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Old 04-23-2013, 12:44 AM   #34
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Rubicon express superflex, teraflex with 8 adjustable control arms, savvy's Currie 3" are all very good and fairly comprehensive lifts that will provide you with great durability, great off road performance and daily driving comfort.
A basic 3" lift consists of springs and shocks and will likely leave you unhappy with ride quality.
Bilstien and old man emu make some great shocks and Rubicon express shocks are also manufactured by bilstien and valved specifically for their lifts.
Expect to spend 1500 to 2500 for a good quality lift.
If you want to go all out in ride quality then you could go long arm but the cos goes up dramatically.
Plan on a slip yoke eliminator, a rear CV drive shaft and an alignment as well.
Quality lifts will provide you with the performance you would like on and off road. Quality shocks will help even more. Skimping on either and going the rough country, BDS, skyjacker, zone, etc...will have you in the same position as many of my customers...spending a lot more in the long run to undo what they skimped on in the beginning or, in extreme cases, selling their jeeps.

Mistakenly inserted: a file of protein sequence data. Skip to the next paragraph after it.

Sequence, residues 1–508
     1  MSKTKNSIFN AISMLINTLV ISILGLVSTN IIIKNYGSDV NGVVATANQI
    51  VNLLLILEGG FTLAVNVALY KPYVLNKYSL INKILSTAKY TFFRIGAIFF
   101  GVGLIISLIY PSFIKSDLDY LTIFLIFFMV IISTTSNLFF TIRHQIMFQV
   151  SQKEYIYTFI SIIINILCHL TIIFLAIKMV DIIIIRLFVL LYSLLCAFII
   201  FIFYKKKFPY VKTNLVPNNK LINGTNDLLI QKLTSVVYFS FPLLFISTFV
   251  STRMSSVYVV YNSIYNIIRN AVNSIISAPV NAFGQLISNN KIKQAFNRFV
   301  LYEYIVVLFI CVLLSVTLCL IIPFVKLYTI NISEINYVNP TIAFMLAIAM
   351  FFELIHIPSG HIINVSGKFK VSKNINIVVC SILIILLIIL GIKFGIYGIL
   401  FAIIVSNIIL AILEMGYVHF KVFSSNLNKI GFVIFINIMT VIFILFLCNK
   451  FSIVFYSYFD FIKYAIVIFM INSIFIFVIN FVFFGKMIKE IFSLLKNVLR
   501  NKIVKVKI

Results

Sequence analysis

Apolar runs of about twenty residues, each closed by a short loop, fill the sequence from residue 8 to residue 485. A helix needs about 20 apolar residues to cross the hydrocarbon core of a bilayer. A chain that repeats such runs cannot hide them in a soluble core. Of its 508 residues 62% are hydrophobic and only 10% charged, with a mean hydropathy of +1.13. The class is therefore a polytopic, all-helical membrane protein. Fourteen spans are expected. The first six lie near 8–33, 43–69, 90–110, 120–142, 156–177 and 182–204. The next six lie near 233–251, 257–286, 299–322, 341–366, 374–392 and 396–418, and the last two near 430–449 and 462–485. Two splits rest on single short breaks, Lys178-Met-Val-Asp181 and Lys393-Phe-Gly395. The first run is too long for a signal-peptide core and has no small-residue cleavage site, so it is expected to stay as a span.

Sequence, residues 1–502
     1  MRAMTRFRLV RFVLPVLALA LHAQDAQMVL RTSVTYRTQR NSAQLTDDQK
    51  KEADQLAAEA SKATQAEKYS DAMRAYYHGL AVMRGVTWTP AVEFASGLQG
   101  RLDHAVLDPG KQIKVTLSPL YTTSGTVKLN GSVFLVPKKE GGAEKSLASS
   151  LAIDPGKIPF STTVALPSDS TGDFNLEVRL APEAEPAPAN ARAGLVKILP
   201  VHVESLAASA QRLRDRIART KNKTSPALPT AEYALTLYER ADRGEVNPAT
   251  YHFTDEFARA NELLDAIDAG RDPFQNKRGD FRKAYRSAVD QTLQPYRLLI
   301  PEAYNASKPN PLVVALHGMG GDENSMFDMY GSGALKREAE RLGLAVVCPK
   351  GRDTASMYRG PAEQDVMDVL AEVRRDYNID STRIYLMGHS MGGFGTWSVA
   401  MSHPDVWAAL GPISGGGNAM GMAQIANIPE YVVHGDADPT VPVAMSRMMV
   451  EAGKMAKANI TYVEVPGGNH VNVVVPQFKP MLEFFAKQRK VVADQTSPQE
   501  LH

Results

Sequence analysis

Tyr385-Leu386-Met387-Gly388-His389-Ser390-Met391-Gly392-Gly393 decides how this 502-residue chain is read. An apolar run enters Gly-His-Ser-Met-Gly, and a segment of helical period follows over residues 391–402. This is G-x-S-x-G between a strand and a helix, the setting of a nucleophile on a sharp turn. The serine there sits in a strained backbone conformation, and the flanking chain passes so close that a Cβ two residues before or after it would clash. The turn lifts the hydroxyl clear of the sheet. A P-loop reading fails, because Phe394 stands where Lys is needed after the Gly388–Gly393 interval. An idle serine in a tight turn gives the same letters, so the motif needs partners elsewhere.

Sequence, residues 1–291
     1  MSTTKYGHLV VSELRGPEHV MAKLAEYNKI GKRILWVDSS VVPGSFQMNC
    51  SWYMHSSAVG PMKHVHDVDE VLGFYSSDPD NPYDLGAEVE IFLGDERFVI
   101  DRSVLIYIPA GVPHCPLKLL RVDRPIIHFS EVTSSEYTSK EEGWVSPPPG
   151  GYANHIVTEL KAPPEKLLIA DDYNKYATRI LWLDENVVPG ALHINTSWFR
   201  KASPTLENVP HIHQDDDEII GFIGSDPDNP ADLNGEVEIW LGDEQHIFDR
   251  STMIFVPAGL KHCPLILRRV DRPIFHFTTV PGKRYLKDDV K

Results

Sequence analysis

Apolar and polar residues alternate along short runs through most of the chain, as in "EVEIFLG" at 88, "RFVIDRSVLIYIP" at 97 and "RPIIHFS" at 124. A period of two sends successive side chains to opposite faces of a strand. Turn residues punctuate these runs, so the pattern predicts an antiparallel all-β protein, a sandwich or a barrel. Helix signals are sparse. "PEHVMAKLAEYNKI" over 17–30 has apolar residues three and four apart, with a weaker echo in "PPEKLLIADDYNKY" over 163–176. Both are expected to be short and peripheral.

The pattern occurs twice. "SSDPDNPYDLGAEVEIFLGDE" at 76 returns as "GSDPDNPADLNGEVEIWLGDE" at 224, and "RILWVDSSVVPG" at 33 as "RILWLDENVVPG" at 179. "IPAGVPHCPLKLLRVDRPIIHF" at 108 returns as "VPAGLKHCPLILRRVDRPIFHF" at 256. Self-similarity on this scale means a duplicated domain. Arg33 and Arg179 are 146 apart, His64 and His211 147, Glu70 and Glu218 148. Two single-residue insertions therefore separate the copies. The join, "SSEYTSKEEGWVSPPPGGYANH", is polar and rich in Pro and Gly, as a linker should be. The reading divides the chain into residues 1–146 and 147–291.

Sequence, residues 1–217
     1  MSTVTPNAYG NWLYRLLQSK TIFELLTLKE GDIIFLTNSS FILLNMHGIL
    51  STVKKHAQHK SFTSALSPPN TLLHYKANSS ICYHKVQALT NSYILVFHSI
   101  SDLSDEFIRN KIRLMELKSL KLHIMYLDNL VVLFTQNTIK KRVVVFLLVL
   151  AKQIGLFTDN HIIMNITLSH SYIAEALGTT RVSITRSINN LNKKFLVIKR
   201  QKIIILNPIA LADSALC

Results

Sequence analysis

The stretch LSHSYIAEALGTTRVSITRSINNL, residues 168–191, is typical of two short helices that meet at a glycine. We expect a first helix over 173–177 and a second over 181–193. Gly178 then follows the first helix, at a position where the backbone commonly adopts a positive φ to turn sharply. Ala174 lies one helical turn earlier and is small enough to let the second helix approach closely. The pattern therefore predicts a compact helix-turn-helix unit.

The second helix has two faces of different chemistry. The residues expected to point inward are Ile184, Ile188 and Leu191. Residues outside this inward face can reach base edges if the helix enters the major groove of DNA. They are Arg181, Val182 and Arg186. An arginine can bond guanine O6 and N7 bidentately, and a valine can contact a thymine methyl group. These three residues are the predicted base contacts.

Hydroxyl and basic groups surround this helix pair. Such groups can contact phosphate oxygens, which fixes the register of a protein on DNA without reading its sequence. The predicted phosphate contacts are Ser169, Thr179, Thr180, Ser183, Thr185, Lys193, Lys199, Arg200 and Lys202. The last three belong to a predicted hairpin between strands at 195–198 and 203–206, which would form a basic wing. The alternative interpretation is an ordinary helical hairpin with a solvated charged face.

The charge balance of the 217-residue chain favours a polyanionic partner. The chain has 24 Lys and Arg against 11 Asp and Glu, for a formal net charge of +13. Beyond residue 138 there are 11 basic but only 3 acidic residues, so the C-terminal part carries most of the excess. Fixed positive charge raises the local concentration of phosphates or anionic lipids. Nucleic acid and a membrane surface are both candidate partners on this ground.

Dont know why you're all about rubi express. Maybe you haven't read the encyclopedia on their poly bushing failures. I can comment on that considering mine literally fell out of the housings. Not quality.

You're no better than those you speak of, promoting a reasonably scrappy product for a marginal gain.
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Old 04-23-2013, 12:52 AM   #35
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Honestly, rubi express arms and jks? Oh no..

You might as well run a pipe with bubble gum for bushings..

Metalcloak arms are even better. They use the duroflex joint. It has rubber to help with vibrations and such as well as the added plus of being self recentering.

Have you forgotten about Clayton or rock krawler? What about rokmen? Rubi express and jks arent even close..
99.9% of ppl won't notice any difference. I understand all of the options out there but rubi exp short arms aren't the flaw in their kits. Its the lack of completeness within the kits and the long arm radius arm design. A duroflex joint is just as prone to failure as a rubi exp. Clayton and rock men are rebranded Currie. Rock krawler, tera and rubi exp are essentially similar in short arm quality. Savvy actually makes the best short arms (again rebranded currie) that are double adjustable and have a low weight alluminum arm with a nice adjustment point in the middle but those aren't available for a jk as far as I know. Keep in mind that on a jk, the flex is limited by shock length vs. similar arm designs. If you want we can even talk cj suspension as well.
The short answer, yup, Rubicon express arms are fine. If you want to go big and super flexy go 4 link and coil over. How about a custom 4 link designed specifically for your of road needs, how about 3 link.
We can discuss those as well or we can get over brand loyalty and forum knowledge really quickly.
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Old 04-23-2013, 08:48 AM   #36
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How much experience do you have with the Duroflex joint to make the above claims?